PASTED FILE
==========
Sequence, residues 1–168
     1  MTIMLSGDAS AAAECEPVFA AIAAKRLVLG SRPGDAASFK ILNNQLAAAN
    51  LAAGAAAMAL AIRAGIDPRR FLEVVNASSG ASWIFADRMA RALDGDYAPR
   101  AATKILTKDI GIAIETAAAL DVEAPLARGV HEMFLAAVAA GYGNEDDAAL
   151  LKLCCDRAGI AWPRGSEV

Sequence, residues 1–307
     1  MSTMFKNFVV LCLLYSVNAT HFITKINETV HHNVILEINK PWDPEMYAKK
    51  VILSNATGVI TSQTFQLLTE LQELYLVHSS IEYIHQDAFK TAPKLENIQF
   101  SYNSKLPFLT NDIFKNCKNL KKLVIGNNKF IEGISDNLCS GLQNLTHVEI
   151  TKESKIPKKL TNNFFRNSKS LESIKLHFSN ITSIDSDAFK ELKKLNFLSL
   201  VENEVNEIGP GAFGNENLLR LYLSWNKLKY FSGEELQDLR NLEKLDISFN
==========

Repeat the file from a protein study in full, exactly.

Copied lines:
Sequence, residues 1–168
     1  MTIMLSGDAS AAAECEPVFA AIAAKRLVLG SRPGDAASFK ILNNQLAAAN
    51  LAAGAAAMAL AIRAGIDPRR FLEVVNASSG ASWIFADRMA RALDGDYAPR
   101  AATKILTKDI GIAIETAAAL DVEAPLARGV HEMFLAAVAA GYGNEDDAAL
   151  LKLCCDRAGI AWPRGSEV

Sequence, residues 1–307
     1  MSTMFKNFVV LCLLYSVNAT HFITKINETV HHNVILEINK PWDPEMYAKK
    51  VILSNATGVI TSQTFQLLTE LQELYLVHSS IEYIHQDAFK TAPKLENIQF
   101  SYNSKLPFLT NDIFKNCKNL KKLVIGNNKF IEGISDNLCS GLQNLTHVEI
   151  TKESKIPKKL TNNFFRNSKS LESIKLHFSN ITSIDSDAFK ELKKLNFLSL
   201  VENEVNEIGP GAFGNENLLR LYLSWNKLKY FSGEELQDLR NLEKLDISFN